Skeeterweazel: Tried using a LM386 chip along w/ suggested caps/resistors but doesn’t seem to work correctly.

Actually, an LM386 should do quite a reasonable job of amplifying it, if you use the correct components. You will only get a 3 V range into the ADC, but for what you describe, that is way more than adequate.

But saying something "does not work" when you did not actually indicate what you did - "suggested caps/resistors" is quite meaningless :roll_eyes: - will get you exactly nowhere.

Paul__B: Actually, an LM386 should do quite a reasonable job of amplifying it, if you use the correct components. You will only get a 3 V range into the ADC, but for what you describe, that is way more than adequate.

But saying something "does not work" when you did not actually indicate what you did - "suggested caps/resistors" is quite meaningless :roll_eyes: - will get you exactly nowhere.

The LM386 is not a good choice for a microphone preamp, its input refered noise is something like 100nV/sqrt(Hz).

Try something with more plausible noise spec's like the NE5532 opamp. (Or if you want 5V operation rather than split-rail, the AD8656 has excellent spec's)

MarkT: The LM386 is not a good choice for a microphone preamp, its input referred noise is something like 100nV/sqrt(Hz).

But then, I read his original requirement. :grinning:

If the OP has 30mV rms ac signal, good noise performance is not essential, which is why I didn’t bother pointing out the LM386’s poor specs .

But a good idea to use a better device , all the same.

He still has to deal with dc offset and rectification.

Allan

Hi,

Analog input at the dyno breakout box is 0-5v dc

Don't know the make. Doesn't seem to have any markings on it. Looks rather "homemade". But fits perfectly into tone generator deal that we have, so they may go together. And generator is definite not homemade. I can look at it more carefully, but not until Monday.

What does its connection to a tone generator have to do with the setup. I assume the dyno is designed to record sound as well as the speed, torque and power readings.

Thanks.. Tom... :)

Guys, thx for your replies. This is over my head, but i'm trying to understand. I'll keep trying. Tom: I mentioned the tone generator to indicate that i think the microphone is of decent quality. If i could use the cheapy "arduino project" microphone that i have i'd be done, because it puts out a useful dc voltage that i can use. A little more backstory: The dyno isn't designed to record sound per se. We bought upgraded electronics for the dyno, and on the main "box" it has 4 analog inputs, 0-5v dc. One we configured for coolant temperature, one for cylinder head temp, one for detonation sensor. And the 4th will be for sound. For the 2 temp sensors, i stumbled across 2 different amplifier boards from Adafruit that work w/ Arduino. The knock sensor has an LED that indicates a knock, so i tapped into that.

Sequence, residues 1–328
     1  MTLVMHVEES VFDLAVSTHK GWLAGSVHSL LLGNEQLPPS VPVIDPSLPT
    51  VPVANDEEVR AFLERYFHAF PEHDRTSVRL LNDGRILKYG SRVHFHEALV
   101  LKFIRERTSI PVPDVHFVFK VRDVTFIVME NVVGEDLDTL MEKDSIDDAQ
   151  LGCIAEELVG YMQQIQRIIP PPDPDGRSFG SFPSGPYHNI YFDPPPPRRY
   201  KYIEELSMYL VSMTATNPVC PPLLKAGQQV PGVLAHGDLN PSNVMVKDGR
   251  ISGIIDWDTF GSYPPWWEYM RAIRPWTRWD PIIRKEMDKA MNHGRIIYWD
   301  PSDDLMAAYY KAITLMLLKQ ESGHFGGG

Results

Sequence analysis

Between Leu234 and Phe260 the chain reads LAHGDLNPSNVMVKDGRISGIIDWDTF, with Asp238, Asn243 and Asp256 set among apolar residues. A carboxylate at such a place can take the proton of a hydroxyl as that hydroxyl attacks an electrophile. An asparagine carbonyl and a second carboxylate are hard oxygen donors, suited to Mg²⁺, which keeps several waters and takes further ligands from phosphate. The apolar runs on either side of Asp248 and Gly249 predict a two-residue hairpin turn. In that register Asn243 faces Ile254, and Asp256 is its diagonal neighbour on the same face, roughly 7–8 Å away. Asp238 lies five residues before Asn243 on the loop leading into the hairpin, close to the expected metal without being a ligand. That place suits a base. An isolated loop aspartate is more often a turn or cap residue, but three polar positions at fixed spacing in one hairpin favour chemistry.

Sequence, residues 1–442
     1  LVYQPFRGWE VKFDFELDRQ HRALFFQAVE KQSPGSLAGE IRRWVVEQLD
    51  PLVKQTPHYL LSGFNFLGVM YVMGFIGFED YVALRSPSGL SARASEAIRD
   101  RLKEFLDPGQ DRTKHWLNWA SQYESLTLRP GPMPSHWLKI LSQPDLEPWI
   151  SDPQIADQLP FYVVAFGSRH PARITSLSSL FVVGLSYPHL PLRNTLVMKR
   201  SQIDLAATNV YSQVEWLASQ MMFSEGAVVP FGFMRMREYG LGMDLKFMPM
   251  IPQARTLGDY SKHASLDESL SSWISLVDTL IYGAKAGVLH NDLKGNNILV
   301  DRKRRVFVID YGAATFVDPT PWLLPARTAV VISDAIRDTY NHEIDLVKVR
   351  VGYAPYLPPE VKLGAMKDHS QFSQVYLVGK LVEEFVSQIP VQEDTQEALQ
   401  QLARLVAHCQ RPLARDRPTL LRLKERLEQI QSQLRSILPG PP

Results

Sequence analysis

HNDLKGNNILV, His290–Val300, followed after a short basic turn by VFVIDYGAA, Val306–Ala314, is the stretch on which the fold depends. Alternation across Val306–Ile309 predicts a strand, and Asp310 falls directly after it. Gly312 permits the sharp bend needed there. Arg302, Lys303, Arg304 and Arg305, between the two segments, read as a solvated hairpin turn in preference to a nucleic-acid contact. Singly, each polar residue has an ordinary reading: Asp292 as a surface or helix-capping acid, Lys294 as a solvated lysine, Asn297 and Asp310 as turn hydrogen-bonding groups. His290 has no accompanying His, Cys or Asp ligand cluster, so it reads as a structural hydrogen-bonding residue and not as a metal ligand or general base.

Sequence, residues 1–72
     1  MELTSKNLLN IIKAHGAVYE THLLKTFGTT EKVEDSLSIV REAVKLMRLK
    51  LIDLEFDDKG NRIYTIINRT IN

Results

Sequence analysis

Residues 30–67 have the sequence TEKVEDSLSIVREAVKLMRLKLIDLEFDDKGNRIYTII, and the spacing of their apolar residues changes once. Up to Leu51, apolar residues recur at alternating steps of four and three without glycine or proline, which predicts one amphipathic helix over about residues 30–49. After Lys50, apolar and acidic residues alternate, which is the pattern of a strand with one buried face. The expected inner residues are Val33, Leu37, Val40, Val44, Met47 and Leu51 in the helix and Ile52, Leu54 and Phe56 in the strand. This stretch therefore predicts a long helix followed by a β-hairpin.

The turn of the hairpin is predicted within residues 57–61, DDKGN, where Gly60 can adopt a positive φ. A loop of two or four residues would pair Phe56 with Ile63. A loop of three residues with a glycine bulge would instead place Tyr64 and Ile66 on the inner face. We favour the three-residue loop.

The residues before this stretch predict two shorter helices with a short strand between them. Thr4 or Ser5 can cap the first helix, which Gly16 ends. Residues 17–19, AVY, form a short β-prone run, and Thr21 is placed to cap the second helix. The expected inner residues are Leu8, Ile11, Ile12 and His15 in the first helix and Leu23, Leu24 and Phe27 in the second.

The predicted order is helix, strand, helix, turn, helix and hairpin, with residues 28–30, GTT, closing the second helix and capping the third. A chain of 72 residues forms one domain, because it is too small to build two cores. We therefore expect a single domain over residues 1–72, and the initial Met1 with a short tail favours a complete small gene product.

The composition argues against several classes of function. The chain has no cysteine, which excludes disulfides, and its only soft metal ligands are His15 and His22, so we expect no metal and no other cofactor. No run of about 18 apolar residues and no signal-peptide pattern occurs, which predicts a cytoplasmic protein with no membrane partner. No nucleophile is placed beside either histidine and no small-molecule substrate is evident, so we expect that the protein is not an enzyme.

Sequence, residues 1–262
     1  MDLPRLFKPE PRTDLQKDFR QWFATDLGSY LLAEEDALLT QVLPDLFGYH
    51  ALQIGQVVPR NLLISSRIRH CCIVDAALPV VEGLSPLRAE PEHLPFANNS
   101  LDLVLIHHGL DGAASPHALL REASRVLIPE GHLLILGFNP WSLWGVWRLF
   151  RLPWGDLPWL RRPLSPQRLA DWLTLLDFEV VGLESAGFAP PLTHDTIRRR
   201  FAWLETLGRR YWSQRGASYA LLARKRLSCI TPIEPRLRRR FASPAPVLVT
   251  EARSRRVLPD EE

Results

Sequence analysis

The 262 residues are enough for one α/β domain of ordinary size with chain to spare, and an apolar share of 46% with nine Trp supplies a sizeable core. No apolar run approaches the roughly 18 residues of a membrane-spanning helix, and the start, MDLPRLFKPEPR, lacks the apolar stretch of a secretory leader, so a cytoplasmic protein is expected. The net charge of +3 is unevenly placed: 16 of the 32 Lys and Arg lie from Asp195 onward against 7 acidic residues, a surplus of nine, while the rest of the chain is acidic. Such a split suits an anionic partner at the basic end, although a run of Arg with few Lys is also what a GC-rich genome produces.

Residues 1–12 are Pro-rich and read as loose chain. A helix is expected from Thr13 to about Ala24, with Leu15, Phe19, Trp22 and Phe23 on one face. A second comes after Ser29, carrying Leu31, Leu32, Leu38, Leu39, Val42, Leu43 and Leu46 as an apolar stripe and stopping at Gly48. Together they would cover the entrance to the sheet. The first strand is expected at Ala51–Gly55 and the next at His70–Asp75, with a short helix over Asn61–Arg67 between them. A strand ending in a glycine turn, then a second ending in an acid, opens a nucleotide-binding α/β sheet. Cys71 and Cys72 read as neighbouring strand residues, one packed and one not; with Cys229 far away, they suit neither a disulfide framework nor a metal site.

Poking around last night i came across mention of a precision full wave rectifier (http://www.ti.com/lit/ug/tidu030/tidu030.pdf). Would that work for me? What do you think?

Allan: thx for taking time to make that schematic. I see diodes; assuming for rectification? Supply voltage: what would i use for the upper/lower "rails"(?) and for the chips? Thx again. Marty

About 12v from a wallwart would be fine.

If you want fullwave rectification ( don't think it would help a lot) you need one more opamp , as shown in the TI appnote you link.

Allan

Hi,

And the 4th will be for sound

Do you mean SOUND LEVEL? As in dB?

If you are just feeding the raw sound from a microphone into the analog input, I doubt that the input you are using will be able to resolve the level information. You need a circuit that will output a signal representing the audio LEVEL to input to the dyno.

The dyno input would be able to see a signal representing amplitude signal but not so frequency analysis.

What does the upgraded specs on the dyno say the input response is? Check with the installer/supplier/manufacturer of the upgrade with regard to sound level monitoring.

Tom.... :)

Allan, on your drawing on the lower mic rail you have a zero w/ arrow pointing down. What does that mean? I got all the components so am giving the circuit a try. Thx. Marty

Ground.

Allan

Circuit is putting out about 1.5 volts regardless of microphone input. Tomorrow i'll double check that i have everything correct. Marty

What circuit. A sound/microphone amplifier should output a DC bias voltage without sound. So the sound wave can swing positive and negative from that bias voltage/point. The code should measure positive and negative peaks, and subtract them to find peak/peak voltage. That way the code can eliminate that bias voltage. Leo..

Wawa, you can look back through the thread and find the attachment by Allan.

So you made the preamp with envelope detector from post#4. That indeed only outputs a positive voltage.

Should output 0volt without sound. How do you power the negative rail, and is it -5volt. Leo..

Leo, i'm using 12volt + for positive rail, and zero volts for the "negative" rail. I believe Allan said that would work. Thx. Marty